I was especially concerned about the amount of weight that I would put in the desk while standing. I'm only 5' 9", but I'm used to leaning on my desk and offsetting my weight.

In standing mode, I set the desk to 41.2 inches high. At this height, there is virtually no wobble to the desk. I mean, if you SHAKE it, sure. But in normal use: leaning on it, typing, moving things around, even the occasional bump, there's no movement. My monitors are on a dual monitor stand that's attached to the edge of the desk. Even in standing mode, the monitor arms don't wobble. The desk doesn't wobble. It's extremely stable.

At the highest height of 47.5 inches, there's no change in its sturdiness. I'm not tall enough to use it at this height, but I wouldn't have problem suggesting it for someone of that stature.

From the shortest height of 28.3 inches, to the tallest height setting, it's rock solid. And it's able to go lower than most desks I've looked at, which is very handy if you're short. Like my wife. ;o)

It's Quiet and Fast.

The motors are very quiet and smooth. I was worried that my wife would be annoyed from the sound in the adjoining room, but she has never been able to hear it. The desk is on carpet, which no doubt helps with any vibration noise.

I've attached a dual monitor arm stand, and even bolted a CPU holder for my workstation to the bottom of the desk. I weighed all of these components and they added a total weight of 75 pounds to the desktop. Even with the hefty computer attached to one side, creating an off-balance situation, the motors don't seem to care one bit.

Since they advertise this being able to withstand 220 pounds day-to-day (with a max load of 350 pounds), I wouldn't have been surprised if my meager load gave it any issues, and I was initially concerned for the CPU holder. But not any longer.

The Desktop: The only sticking point for some.

First, the good: It's absolutely beautiful. I purchased the pine desktop and it looks immaculate. It will fit right in with pretty much any other decor.

Second, the potential sticking point: OK, here's the only catch in the whole arrangement. And honestly, it's a small one.

The desktops that they sell are GOOD quality. But I wouldn't call them GREAT quality. I expect the desktop to last for years, as long as I treat it good. It's laminate, not hardwood, so your mileage may vary. Any scuffs, scratches, stains, etc., aren't going anywhere. With hardwood, you have options. Laminate is what it is.

If hardwood is a must for you, you can purchase the desk hardware alone, and then have a desktop made or purchase one from a place like IKEA. Measure and pre-drill some holes, and you've got a custom desktop. I've read some people doing that, and having a great experience.

The desktop is thinner than it probably should be. It's listed as 0.8 inches. My monitor stand and CPU holder both attached sturdily to it, and I'm happy with the result. But in an otherwise perfect product, a slightly thicker, more robust-feeling desktop would put this over the top.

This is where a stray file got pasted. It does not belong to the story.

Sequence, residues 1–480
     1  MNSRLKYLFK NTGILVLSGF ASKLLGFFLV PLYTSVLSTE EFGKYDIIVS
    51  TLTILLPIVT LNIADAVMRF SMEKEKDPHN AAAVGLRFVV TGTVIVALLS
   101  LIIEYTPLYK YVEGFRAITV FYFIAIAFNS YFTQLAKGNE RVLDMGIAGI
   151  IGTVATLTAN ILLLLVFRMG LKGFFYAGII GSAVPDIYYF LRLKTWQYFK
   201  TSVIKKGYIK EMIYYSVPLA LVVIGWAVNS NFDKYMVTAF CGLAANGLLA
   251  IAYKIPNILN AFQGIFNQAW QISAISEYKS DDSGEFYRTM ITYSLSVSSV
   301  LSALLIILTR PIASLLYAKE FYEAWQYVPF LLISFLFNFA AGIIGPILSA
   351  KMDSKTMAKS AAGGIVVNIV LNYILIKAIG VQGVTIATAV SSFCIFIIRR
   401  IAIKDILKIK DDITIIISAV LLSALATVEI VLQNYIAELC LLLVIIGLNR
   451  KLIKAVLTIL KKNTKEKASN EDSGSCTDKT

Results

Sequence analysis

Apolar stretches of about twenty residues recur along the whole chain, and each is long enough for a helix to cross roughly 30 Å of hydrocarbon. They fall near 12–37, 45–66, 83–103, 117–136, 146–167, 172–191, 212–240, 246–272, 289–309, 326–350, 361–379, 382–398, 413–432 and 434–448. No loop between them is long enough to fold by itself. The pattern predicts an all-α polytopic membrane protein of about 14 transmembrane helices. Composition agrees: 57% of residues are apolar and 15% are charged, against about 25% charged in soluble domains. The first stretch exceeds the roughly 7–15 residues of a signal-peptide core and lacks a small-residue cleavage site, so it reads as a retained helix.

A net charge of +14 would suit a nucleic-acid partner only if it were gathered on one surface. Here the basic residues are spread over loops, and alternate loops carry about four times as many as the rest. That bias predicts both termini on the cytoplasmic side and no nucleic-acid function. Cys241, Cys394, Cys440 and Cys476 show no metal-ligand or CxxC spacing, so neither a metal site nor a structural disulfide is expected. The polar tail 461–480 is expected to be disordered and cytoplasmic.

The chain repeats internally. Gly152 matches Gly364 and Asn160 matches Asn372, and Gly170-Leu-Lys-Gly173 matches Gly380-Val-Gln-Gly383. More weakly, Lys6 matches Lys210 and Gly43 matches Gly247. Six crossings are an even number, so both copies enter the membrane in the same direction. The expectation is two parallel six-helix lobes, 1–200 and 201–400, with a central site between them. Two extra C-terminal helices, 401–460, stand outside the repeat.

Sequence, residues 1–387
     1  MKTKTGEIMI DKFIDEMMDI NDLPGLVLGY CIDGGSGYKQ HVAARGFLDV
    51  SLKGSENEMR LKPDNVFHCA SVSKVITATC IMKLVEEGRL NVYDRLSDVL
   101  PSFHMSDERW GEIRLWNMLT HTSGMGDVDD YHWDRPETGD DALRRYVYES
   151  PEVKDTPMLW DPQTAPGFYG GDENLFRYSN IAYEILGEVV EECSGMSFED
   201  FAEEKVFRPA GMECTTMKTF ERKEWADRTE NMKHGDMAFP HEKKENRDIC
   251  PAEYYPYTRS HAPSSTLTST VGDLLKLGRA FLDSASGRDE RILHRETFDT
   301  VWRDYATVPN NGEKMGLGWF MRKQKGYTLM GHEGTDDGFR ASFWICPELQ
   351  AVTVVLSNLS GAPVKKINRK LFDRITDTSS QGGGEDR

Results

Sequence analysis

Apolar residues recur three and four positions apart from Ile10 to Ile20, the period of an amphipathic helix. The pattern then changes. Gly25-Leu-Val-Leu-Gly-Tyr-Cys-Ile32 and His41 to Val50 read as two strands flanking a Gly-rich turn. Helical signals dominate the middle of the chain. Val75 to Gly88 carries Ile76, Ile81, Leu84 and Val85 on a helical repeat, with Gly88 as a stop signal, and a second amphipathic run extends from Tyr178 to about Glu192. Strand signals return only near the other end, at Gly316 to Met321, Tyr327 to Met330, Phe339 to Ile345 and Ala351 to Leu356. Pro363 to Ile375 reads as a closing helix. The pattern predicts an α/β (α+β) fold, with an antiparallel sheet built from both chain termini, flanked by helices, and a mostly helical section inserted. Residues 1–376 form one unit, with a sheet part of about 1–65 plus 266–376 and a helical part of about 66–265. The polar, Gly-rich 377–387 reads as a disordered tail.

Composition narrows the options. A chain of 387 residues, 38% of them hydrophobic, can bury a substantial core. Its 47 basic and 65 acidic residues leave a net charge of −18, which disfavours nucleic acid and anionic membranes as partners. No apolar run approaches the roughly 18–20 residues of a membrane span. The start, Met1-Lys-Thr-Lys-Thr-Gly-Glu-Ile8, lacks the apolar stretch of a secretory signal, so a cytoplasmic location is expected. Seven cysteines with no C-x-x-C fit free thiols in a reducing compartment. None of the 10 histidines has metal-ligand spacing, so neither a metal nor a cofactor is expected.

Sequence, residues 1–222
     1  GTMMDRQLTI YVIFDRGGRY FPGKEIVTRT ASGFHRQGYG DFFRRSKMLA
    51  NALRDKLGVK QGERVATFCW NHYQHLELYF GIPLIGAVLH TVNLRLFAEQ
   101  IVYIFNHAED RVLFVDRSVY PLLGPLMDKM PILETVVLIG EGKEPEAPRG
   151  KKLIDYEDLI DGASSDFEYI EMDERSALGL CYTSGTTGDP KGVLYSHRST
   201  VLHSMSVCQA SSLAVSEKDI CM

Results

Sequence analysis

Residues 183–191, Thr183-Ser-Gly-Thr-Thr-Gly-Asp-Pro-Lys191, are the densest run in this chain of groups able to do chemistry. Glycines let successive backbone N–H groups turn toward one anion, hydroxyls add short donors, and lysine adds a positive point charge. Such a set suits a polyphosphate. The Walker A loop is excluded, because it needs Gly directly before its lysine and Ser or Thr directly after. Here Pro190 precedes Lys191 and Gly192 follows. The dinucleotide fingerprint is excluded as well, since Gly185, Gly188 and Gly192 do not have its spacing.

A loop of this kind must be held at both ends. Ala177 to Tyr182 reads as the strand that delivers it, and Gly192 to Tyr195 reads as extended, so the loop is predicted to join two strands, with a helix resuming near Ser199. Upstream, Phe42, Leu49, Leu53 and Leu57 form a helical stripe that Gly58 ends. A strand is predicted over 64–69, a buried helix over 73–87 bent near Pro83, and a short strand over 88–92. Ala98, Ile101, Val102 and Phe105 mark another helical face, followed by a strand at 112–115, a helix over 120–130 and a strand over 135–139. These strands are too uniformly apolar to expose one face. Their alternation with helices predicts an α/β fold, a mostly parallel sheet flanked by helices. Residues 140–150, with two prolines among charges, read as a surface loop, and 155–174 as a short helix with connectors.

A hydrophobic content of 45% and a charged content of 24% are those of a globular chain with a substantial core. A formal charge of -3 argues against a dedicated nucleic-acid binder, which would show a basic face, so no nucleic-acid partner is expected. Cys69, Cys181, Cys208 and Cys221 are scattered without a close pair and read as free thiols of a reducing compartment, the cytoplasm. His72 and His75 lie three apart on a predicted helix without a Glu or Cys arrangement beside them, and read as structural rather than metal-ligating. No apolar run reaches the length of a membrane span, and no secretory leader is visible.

Don't get me wrong: the desktop is perfectly fine. But for me personally, if they had the option to get an inch thick desk or hardwood, I'd be happy to spend an extra $50-$100 for the option, just for peace of mind.

Finally, the "ugh really": OK, there's one bad thing about this whole desk. And yes it's minor, but it's a head scratcher.

The grommet hole's cover and collars. Cheap plastic. Like, really, really cheap. Sure, it's a small detail, and you'll probably never care -- but using metal, rubber, or even just a stronger plastic, tighter-fitting for the grommet hole cover and collars would have cost pennies more.

Here's a video of the cover and collars:

I know, I know. They sit at the edge of the desk and I never do anything with them, but it's the one area that they seemed to put zero thought into.

If there's a version 2.0 of this desk, make that better!

Final Thoughts about the Able Company's Adjustable Standing Desk.

So, would I recommend this desk? Absolutely yes.

The two minor annoyances or concerns are so greatly outweighed by the positive factors, that I'm not sure what the other manufacturers are doing to justify the higher prices.

Surely the laminate desktops on the competition are roughly the same quality. Unless there's some hidden feature, or component that makes them worth $300-$400 more (some over double the price!), I'm left wondering if there's a magical standing desk experience that I'm missing out on. After all, it's motorized legs and a desktop. I've seen them all, and I'm left scratching my head.

So, yes. I would recommend this desk. Even if the desktop doesn't stand the test of time, I could go purchase a hardwood top and attach it. If the motors burn out early, it has a 7 year warranty.

I honestly can't think of a reason to buy from somewhere else, UNLESS there's an added feature they have that you can't work around, or add-on, for less than $300.

Table of Contents
Recommended Addition: Anti-Fatigue Mat

If you intend to use a Standing desk, for extended periods of time, we highly recommend an anti-fatigue mat. We recommend this one. To read our review of this standaing desk anti-fatigue mat, click here. Or click here to view the Amazon listing